Notes From the Desk: Flags in the Wind

By DOMINICK TANOH

As a Chicago Bears fan, I’ve always found football season a source wasted hope and flat out disappointment.

A blowout 21-point loss to the Green Bay Packers seemed like another fitting end for an aggressively mediocre team. The ending of the game saddened me, but it was the beginning that carried the most tension many people tuning in across the country.

As the national anthem played, a few players chose to take the knee in protest of police brutality and racism in the United States. Behind them, members of both team and some fans in the stands linked arms in solidarity and support of their right to protest. All of this comes in direct reaction to the fattest thumbs on Twitter demanding that NFL owners “fire any son of a bitch who disrespects our flag.”

How is it that a piece of cloth can send America’s favorite sport ripping at its own throat? How is it that the act of sitting or kneeling before that piece of cloth can drive parts of this country to their feet in indignation?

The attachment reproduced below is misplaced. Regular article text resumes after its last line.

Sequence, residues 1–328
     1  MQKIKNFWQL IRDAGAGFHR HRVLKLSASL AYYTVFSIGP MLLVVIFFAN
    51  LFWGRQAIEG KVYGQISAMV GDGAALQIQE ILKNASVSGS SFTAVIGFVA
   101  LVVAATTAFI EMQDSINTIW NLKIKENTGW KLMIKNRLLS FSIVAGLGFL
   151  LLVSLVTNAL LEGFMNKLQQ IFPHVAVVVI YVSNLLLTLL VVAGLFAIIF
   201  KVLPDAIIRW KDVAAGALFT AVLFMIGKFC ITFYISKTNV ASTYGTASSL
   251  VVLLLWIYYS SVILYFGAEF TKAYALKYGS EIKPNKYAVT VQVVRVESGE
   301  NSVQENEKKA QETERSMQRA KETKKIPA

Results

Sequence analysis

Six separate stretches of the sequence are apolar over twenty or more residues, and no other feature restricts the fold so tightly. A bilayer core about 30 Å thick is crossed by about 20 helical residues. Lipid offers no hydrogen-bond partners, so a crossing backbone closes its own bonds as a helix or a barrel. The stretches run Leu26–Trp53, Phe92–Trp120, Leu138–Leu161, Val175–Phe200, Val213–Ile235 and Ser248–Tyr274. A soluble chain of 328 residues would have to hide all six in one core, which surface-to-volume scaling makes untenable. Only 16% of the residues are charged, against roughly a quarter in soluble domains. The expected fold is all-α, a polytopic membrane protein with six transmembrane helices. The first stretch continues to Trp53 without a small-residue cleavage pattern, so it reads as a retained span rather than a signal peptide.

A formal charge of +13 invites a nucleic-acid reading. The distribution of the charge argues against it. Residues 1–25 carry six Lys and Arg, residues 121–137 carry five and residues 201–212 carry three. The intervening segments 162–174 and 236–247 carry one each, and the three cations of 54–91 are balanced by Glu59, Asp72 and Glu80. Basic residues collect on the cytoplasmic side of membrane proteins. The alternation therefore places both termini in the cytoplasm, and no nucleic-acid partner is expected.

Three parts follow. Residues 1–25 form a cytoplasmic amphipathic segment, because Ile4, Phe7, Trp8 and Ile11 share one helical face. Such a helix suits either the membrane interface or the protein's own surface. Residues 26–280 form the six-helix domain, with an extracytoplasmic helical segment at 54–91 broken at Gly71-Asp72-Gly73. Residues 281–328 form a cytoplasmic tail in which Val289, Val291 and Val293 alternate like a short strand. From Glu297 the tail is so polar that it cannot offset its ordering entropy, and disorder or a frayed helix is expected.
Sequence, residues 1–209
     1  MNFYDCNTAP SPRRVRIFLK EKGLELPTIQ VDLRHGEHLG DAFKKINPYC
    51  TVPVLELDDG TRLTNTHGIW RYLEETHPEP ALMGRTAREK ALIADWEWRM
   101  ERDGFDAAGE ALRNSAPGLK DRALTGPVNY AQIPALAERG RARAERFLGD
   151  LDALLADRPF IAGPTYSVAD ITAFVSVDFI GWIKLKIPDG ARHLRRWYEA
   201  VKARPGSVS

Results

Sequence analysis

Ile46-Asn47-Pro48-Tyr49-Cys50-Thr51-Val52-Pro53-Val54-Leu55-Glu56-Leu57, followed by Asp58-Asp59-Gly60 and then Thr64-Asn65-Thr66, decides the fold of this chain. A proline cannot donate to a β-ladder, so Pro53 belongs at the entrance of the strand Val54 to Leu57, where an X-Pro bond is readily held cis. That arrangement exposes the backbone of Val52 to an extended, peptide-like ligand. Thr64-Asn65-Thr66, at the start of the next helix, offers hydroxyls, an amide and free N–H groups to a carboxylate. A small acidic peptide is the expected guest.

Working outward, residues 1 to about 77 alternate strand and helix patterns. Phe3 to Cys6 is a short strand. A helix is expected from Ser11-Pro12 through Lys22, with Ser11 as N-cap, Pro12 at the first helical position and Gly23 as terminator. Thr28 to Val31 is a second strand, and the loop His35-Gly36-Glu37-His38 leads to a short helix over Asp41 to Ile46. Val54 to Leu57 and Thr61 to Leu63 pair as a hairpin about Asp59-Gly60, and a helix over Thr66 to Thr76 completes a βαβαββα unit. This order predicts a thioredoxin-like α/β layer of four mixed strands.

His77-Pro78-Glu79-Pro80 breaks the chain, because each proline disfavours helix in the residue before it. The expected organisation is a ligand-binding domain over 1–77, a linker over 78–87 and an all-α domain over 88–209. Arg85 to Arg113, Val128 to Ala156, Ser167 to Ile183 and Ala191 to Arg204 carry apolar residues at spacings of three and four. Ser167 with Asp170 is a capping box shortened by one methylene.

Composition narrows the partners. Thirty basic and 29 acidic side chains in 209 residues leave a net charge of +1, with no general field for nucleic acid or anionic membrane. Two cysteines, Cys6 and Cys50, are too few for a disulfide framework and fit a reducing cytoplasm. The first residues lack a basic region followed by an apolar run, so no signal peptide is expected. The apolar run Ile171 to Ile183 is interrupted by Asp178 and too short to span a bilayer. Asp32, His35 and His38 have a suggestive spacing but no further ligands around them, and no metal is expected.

It is because, as we all know, this issue is not one of respect for symbols. No one would bother protesting a bundle of stitches. It is the ideas and history swaddled in that flag that drive us to protest and conflict — the ideals of fair play, equity and liberty, nestled right next to a history of slavery, inequality and hatred.

In that flag, we see our America and the rancor surrounding protests before that flag has become a proxy for a far more consequential question: How do we truly perceive this country? Do we stand in respect for what this country claims to represent, or do we kneel in mourning for the death and the destruction this country has perpetuated (and continues to perpetuate) both within its borders and abroad? Can any answer offer an acceptable middle ground?

No one can answer these questions for anyone but his or herself. The truth is, the United States is so ideologically diverse that simply seeing the flag is as likely to remind one of the loving patriotism shown after terror attacks as it is to remind us of the caskets carrying young men sent to Iraqi deserts to secure cheap oil.

Viewed like this, the debate over the flag is not so much of irrational shouting match as a national contemplation of our identity. The winds of change are sweeping across our nation and the flag twists in the sky as another symbol of the tension that change carries with it.

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Notes From the Desk: Flags in the Wind